Prospective sites also have good state and federal tax incentives coupled with solid net metering regulations, Sun said.

Owning a panel doesn’t guarantee buyers earn the energy flowing from it, Sun said. But panel owners can check on their contraptions through an app that Sun and his colleagues are designing. Meanwhile, Sun said they will use available net metering regulations to tap into local transmission lines owned by public utilities that already have a solid customer base.

Panel owners will get 80 percent of the profits from their grid, which should pay for itself in 10 or 12 years, Sun added.

Sun hopes to have the first farm running by mid-2016.

Meanwhile, Yeloha takes a more middle-man approach when thinking rooftop solar.

‘Good neighbors’

Yeloha started out as a “wild concept” for a solar-system sharing network, said Rosner, who has spent nearly eight years in the solar industry in his native Israel and the United States.

“The biggest challenge was to take this wild and extreme concept and translate something that could fly,” Rosner said.

So Rosner — alongside his partners, Idan Ofrat and Paolo Tedone — went small. Very small. Yeloha wants someone to exchange his or her perfect, flat, shadeless roof for solar panels paid for by someone who doesn’t own a perfect roof or even a roof but wants his or her electrical power mix to include some solar-sourced energy.

Yeloha’s website in almost-blinding bright-yellow advertises for “sun partners” and “sun hosts.”

Sun partners, as Rosner described them, pay upfront or a subscription for installing solar panels on a donated roof from a “sun host.” Size and generation vary, but the sun host also gets a share from the power mix, Rosner said, without chipping in for installation.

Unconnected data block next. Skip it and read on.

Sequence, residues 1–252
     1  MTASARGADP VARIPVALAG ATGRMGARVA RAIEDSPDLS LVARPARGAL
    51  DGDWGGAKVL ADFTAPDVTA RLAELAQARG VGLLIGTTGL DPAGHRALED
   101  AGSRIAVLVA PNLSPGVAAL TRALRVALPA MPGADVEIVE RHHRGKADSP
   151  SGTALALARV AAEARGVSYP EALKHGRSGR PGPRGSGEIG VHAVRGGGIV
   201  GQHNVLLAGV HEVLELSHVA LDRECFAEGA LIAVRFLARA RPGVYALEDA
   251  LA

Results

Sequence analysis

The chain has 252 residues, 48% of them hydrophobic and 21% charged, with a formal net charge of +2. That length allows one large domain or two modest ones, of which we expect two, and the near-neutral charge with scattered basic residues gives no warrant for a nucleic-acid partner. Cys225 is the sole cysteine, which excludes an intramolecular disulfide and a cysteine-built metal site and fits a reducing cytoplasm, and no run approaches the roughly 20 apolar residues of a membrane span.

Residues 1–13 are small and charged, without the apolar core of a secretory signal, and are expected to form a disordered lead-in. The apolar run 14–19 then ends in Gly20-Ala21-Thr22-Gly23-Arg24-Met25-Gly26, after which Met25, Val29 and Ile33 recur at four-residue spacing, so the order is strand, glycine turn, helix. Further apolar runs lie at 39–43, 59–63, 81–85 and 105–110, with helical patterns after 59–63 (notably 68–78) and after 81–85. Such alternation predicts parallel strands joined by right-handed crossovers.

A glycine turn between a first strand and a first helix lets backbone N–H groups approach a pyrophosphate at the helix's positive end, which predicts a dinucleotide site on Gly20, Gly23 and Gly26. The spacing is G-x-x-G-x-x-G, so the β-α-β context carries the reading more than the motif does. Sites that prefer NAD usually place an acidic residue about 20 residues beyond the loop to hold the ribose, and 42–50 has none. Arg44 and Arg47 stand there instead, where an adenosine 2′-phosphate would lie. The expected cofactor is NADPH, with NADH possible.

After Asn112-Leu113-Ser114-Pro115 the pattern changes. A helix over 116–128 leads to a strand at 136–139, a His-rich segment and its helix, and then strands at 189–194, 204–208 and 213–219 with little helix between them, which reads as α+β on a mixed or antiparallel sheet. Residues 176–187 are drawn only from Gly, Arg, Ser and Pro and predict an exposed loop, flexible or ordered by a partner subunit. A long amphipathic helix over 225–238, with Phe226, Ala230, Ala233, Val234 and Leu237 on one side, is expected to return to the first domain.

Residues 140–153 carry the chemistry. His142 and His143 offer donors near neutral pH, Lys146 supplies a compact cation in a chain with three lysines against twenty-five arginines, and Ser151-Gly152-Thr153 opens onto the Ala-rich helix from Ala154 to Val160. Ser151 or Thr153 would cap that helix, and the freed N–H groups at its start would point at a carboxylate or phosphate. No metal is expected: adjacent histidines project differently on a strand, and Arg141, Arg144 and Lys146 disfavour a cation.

“We’re an orchestrator or a platform for people to collaborate and make it accessible,” Rosner said. “We want to build a system that doesn’t require too much money to make.” He added that the company over time will depend on subscription fees to finance its business.

Meanwhile, the $3.5 million the company raised in a round will pay for the initial installations, Rosner said. The solar energy feeds into the grid through net metering credits.

Rosner hopes to have the first rooftop solar system installed by this summer.

‘Just in the startup phase’

Renewable energy developer veteran Adam de Sola Pool has mentored both these startups and said that while both incorporate current popular trends, they “are done in a different way to open the markets for people who live in apartments.”

Or, in Pool’s case, those who own homes shaded by trees and don’t want to cut them down. In particular, he’s invested time and his own money (Pool’s a proud CloudSolar panel owner, he said) into CloudSolar’s venture.

“I really believe that Michael [Sun]’s system allows you to say that it is my panel … and take it with you five years later,” Pool said. With Yeloha’s approach, you still “solve the problem of geography. … Both these companies are solving the problem of geography.”

But while they cleared the hurdle of capital for now, Pool said the companies now have to leap through the construction and regulatory hoops. In particular, Pool said CloudSolar’s Sun must “build the farm and prove that it works as a model. [Sun’s] halfway there, but not all the way there.”

These companies offer a unique angle in the solar industry, Pool added, and all that is needed is to prove they work.

Both Sun and Yeloha’s Rosner said they plan to expand — maybe go global — and believe their models can easily meet a demand for solar from people who might not necessarily qualify under traditional methods.

Both CEOs said these models tie in a community.

“What we provide is a more holistic view of the community,” Rosner said.

Sun echoed his sentiments. “These are not investments,” he said. “These are ownerships and provide an opportunity to have access and have a [personal] stake.”